Benchmark: Rackspace’s block storage SATA vs. SSD vs. VM disk

Rackspace offers 2 types of block storage:

Standard (SATA) @ $015/GBandHigh-Performance (SSD) @ $0.70/GB

Seeing that the SSD storage is 4x the cost of SATA I decided to see if the performance is also 4x.

Lets see.

The setup:

An 8GB(RAM) system running ubuntu 12.04&2 100GB volumes with the xfs file system mounted with the following options:

/dev/xvdb   /fast     xfs noatime,nodiratime,allocsize=512m   0   0  /dev/xvdd   /slow     xfs noatime,nodiratime,allocsize=512m   0   0

Basic test using dd:

I’ve benchmarked lots of storage systems in the past and I always like to start out with dd.I do this because it doesn’t take anytime to set up and should give you some idea of how it performs.

In this test I create a 20GB file on each mounted filesystem using the following command:

dd if=/dev/zero of=10GB.file bs=1M count=20k

The results are a little surprising:

Volume write performance:

standard            105 MB/shigh-performance        103 MB/sthe hosts's own volume      135 MB/s

Wow, not what are were hoping for.I ran this test several times and the “high-performance” storage was always the slowest.To quote Homer Simpson “Doh!!”

bonnie++

I ran bonnie with the following args, basically I specified double the amount of RAM for the test.

bonnie++ -s 16g

For sequential reads and writes they were about the same, this is expected as dd already showed this:

Volume                sequential reads            sequential writes  standard              95981/sec                   16564/sec  high-performance      95927/sec                   15633/sec  localVM               108463/sec                  1208/sec

The results now show where the high-performance excels which is random seeks.

Volume                random seeks  standard              473.4/sec  high-performance      1969/sec  localVM               578.6/sec

Conclusion

The question was:Does the 4x cost of high-performance storage perform 4x?

The answer is yes.

Nice job rackspace.

However, as with the sequential numbers from above it doesn’t always out perform standard or local disk. So before you decide to use the more expensive option benchmark your application on it.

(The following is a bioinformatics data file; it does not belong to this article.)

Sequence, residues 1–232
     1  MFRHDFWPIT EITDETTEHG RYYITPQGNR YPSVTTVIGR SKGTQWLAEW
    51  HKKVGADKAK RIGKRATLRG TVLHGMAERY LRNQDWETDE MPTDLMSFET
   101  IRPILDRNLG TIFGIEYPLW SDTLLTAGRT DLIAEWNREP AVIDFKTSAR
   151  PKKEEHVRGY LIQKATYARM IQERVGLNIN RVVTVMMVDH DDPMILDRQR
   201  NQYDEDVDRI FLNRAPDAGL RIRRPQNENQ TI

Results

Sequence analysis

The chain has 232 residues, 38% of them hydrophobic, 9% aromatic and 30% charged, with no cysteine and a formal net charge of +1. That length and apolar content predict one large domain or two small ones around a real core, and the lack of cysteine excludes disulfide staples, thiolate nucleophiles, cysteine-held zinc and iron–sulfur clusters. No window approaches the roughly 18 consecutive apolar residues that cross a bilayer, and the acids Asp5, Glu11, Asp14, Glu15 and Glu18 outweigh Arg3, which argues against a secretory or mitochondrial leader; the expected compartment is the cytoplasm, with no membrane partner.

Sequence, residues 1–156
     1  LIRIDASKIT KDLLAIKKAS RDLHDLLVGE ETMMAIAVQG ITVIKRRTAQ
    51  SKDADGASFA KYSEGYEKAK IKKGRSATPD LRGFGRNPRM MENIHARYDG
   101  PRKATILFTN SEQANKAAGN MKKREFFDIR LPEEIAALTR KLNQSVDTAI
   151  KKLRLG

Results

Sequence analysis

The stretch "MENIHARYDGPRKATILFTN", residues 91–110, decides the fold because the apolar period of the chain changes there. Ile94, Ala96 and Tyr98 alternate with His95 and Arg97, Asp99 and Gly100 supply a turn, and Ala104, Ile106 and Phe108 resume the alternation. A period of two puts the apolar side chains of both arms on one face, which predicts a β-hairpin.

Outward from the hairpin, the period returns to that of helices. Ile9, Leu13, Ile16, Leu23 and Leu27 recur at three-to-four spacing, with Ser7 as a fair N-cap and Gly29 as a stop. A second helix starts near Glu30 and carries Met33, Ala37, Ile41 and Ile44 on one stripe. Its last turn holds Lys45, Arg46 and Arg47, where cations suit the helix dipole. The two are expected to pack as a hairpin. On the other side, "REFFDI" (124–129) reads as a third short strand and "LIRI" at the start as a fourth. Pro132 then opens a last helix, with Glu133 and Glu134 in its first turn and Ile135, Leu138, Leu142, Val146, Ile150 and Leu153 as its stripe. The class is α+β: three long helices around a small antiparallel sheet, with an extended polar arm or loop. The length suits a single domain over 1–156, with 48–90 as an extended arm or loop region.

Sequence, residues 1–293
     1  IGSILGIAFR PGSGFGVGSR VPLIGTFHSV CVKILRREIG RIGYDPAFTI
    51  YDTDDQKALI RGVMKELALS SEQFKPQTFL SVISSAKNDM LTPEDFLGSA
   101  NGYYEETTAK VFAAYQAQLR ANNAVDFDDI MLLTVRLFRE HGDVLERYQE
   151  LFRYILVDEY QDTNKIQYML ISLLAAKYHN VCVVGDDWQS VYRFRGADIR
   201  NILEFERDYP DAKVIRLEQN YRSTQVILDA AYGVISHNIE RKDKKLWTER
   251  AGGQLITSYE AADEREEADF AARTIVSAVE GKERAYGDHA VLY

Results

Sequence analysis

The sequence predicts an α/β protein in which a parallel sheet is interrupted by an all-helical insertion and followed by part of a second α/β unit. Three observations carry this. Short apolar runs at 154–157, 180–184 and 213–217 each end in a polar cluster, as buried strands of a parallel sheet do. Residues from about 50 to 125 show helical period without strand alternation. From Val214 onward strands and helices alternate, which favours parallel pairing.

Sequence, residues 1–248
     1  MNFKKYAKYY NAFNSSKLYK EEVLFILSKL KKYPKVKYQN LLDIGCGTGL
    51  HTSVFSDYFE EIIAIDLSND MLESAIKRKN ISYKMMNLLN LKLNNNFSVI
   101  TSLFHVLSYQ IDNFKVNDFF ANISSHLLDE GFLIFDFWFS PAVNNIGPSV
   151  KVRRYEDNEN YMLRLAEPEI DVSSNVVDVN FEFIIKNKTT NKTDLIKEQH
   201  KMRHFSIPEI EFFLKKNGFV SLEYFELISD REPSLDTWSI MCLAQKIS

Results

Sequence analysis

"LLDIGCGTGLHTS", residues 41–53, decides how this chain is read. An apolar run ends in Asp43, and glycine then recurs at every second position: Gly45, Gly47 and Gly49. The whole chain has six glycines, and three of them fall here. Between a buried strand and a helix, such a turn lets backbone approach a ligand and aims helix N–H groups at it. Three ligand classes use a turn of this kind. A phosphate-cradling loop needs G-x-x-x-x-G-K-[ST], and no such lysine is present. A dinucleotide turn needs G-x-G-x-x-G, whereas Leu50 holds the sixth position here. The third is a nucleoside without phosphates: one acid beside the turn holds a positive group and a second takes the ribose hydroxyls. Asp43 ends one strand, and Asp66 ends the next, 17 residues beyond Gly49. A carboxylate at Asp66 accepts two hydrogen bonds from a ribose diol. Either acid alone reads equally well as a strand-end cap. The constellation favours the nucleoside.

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Compiling and packaging php 5.4.10 for ubuntu 12.04

We are in the midst of upgrading from 5.3.10 to 5.4 and couldn’t find a debian package for it.The current stable version is 5.4.10 but this changes often and I wanted to automate the compiling and packaging process.First thanks to Jordan Sissel who is a bad ass sysadmin/developer and who wrote fpm which I’m using here to create the debian package.

The end result is a script that will install prerequisite pacakges, download, compile and package which ever php version you specify.

The basic process is:

1 install the prerequisite packages needed to compile

2 download the php source

3 uncompress

4 configure

5 make

6 make install but do this while changing its destination directory

7 create the package

Step 6. is where php got a little tricky.In the fpm wiki page which describes how to package something that uses make install ( https://github.com/jordansissel/fpm/wiki/PackageMakeInstall )It has you changing the destination directory in the make install process by specifying:

make install DESTDIR=/tmp/installdir

However this didn’t work with php, instead I had to specify the install_dir:

INSTALL_ROOT=/tmp/installdir make install

FPM is really simply to use, also because its a ruby gem is easy to install.To create the package I’m using the following command: